Data from: Rehabilitating the cyanobacteria – niche partitioning, resource use efficiency, and phytoplankton community structure during diazotrophic cyanobacterial blooms
Olli, Kalle; Klais, Riina; Tamminen, Timo (2016), Data from: Rehabilitating the cyanobacteria – niche partitioning, resource use efficiency, and phytoplankton community structure during diazotrophic cyanobacterial blooms, Dryad, Dataset, https://doi.org/10.5061/dryad.d0826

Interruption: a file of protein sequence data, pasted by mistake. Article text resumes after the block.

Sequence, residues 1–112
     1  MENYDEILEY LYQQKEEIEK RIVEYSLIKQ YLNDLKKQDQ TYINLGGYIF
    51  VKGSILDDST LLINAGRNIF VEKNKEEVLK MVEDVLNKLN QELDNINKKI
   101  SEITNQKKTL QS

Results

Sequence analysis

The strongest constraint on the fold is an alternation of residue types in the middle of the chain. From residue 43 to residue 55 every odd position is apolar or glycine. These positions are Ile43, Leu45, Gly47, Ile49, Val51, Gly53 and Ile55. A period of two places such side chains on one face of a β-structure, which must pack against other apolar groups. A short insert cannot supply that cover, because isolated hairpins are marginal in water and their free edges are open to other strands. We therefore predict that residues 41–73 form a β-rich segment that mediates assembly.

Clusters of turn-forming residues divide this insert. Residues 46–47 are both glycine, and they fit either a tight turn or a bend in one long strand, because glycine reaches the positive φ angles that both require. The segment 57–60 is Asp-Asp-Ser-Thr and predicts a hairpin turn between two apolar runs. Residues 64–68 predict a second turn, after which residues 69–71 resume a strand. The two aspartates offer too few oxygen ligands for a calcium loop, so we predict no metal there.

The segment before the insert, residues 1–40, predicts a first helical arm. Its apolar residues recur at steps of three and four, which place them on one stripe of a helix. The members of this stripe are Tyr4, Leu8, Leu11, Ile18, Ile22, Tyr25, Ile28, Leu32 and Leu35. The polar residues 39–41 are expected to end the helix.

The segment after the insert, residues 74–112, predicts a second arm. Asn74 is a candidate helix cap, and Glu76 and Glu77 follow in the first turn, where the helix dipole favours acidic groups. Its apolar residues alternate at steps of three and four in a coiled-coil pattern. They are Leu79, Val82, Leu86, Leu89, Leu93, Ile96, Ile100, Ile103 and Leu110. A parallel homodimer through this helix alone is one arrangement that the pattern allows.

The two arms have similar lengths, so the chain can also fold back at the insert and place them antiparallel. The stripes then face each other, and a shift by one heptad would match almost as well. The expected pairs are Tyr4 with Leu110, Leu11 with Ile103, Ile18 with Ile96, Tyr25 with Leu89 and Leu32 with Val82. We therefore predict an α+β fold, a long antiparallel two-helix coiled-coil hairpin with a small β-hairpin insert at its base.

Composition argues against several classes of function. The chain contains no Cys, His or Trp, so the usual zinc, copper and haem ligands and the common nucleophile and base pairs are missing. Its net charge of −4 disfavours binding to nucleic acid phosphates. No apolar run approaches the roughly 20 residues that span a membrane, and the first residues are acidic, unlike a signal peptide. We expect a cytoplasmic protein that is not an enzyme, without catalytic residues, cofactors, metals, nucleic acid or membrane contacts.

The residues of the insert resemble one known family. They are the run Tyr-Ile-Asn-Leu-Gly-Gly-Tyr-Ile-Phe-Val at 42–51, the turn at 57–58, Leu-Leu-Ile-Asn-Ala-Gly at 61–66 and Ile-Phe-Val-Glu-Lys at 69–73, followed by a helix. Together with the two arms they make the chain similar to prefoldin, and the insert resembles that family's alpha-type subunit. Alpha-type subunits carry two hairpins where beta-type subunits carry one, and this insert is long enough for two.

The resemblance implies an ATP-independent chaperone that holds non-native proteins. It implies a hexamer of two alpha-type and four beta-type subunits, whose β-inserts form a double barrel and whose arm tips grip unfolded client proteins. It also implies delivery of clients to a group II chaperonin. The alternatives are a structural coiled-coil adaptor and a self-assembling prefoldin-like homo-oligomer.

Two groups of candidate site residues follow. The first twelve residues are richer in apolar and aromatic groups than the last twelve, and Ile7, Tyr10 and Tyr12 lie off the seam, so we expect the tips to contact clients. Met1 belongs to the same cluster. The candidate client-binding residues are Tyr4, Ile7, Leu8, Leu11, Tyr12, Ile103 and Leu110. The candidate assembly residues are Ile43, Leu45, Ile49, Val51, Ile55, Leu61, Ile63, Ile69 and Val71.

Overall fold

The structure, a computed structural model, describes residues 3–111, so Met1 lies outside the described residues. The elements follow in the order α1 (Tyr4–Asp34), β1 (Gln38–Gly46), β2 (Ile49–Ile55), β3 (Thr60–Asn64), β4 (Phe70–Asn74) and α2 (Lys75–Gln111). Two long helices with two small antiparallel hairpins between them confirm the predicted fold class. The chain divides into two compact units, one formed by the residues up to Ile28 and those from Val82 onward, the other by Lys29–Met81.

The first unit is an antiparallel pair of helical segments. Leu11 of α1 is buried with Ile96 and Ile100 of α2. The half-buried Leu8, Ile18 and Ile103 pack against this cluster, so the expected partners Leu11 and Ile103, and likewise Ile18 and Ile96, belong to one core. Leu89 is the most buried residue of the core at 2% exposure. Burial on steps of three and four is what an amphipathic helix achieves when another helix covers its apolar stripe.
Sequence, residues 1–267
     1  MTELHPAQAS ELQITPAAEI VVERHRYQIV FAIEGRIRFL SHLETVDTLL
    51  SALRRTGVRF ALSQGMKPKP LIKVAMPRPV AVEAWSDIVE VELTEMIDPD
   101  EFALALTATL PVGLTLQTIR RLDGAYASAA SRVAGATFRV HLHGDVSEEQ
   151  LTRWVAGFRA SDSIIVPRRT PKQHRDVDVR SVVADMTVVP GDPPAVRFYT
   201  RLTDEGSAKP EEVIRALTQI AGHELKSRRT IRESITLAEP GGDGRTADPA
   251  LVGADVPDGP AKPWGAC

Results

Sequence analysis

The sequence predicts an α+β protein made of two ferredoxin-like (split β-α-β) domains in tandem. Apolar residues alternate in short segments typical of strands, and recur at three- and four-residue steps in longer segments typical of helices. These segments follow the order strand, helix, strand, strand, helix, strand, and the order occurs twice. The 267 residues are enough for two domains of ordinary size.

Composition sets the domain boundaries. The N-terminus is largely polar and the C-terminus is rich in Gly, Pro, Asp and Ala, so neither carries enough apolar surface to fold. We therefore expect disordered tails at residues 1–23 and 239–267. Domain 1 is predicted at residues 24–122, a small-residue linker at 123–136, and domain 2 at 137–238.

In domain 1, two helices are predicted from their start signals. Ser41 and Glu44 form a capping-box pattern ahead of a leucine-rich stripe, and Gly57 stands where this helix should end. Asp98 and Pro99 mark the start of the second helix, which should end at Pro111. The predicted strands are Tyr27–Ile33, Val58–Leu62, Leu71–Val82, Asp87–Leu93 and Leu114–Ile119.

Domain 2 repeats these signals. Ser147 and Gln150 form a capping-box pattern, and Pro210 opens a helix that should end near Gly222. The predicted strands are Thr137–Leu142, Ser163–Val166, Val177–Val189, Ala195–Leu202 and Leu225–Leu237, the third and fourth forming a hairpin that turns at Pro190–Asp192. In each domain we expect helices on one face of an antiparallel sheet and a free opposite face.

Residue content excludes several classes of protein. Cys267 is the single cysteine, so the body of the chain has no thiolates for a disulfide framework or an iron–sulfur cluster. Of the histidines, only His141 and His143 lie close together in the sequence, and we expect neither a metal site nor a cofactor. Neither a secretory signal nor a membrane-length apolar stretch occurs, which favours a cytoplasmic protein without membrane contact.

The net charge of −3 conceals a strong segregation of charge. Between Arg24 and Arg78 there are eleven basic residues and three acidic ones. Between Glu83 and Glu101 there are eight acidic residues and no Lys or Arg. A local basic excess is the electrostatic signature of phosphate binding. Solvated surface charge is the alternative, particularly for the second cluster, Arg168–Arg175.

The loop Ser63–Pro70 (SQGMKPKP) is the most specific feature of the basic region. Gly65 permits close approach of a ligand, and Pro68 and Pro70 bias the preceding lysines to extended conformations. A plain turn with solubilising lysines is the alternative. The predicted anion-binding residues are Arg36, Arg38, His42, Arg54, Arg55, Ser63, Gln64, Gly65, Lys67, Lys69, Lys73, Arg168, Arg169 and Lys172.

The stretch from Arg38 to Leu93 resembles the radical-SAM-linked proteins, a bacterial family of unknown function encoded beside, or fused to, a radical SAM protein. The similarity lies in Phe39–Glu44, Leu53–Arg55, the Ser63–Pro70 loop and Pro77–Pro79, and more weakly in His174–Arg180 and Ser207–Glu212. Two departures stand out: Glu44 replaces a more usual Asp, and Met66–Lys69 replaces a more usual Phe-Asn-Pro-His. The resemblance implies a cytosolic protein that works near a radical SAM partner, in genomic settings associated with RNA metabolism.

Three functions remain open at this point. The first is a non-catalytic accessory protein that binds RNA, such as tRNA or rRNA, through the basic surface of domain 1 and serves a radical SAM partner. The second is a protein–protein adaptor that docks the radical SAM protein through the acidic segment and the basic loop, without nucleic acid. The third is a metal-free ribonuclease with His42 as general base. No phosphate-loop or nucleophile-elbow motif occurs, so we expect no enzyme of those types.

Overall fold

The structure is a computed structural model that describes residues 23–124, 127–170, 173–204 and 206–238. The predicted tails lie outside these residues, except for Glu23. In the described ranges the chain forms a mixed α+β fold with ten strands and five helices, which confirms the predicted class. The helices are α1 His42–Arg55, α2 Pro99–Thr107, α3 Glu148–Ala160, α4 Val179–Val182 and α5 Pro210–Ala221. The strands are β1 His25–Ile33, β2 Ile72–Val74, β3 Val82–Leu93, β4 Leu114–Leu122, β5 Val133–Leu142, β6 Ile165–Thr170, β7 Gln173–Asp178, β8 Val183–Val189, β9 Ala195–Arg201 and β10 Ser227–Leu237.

1. Blooms of nitrogen-fixing cyanobacteria are recurrent phenomena in marine and freshwater habitats, and their supplying role in aquatic biogeochemical cycles is generally considered vital. The objective of this study is to analyze if an increasing proportion of nitrogen-fixing cyanobacteria affects (i) the composition of the non-diazotrophic component of ambient phytoplankton communities, and (ii) resource use efficiency (RUE; ratio of chl a to total nutrients) – an important ecosystem function. We hypothesize that diazotrophs increase community P use, and decrease N use efficiencies, as new N is brought into the system, relaxing N, and concomitantly aggravating P limitation. We test this by analyzing an extensive dataset from the Baltic Sea (> 3700 quantitative phytoplankton samples), known to harbor conspicuous and recurrent blooms of Nodularia spumigena and Aphanizomenon sp. 2. System-level phosphorus use efficiency (RUEP) was positively related with high proportion of diazotrophic cyanobacteria, suggesting aggravation of phosphorus limitation. However, concomitant decrease of nitrogen use efficiency (RUEN) was not observed. Nodularia spumigena, a dominant diazotroph and a notorious toxin producer, had a significantly stronger relationship with RUEP, compared to the competing non-toxic Aphanizomenon sp., confirming niche differentiation in P acquisition strategies between the major bloom-forming cyanobacterial species in the Baltic Sea. Nodularia occurrences were associated with stronger temperature stratification in more offshore environments, indicating higher reliance on in situ P regeneration. 3. By using constrained and unconstrained ordination, permutational multivariate analysis of variance, and local similarity analysis, we show that diazotrophic cyanobacteria explained no more than a few percent of the ambient phytoplankton community variation. The analyses furthermore yielded rather evenly distributed negative and positive effects on individual co-occurring phytoplankton taxa, with no obvious phylogenetic or functional trait-based patterns. 4. Synthesis. Our study reveals that despite the widely acknowledged noxious impacts of cyanobacterial blooms, the overall effect on phytoplankton community structure is minor. There are no predominantly positive or negative associations with ambient phytoplankton species. Species-specific niche differences in cyanobacterial resource acquisition affect important ecosystem functions, like biomass production per unit limiting resource.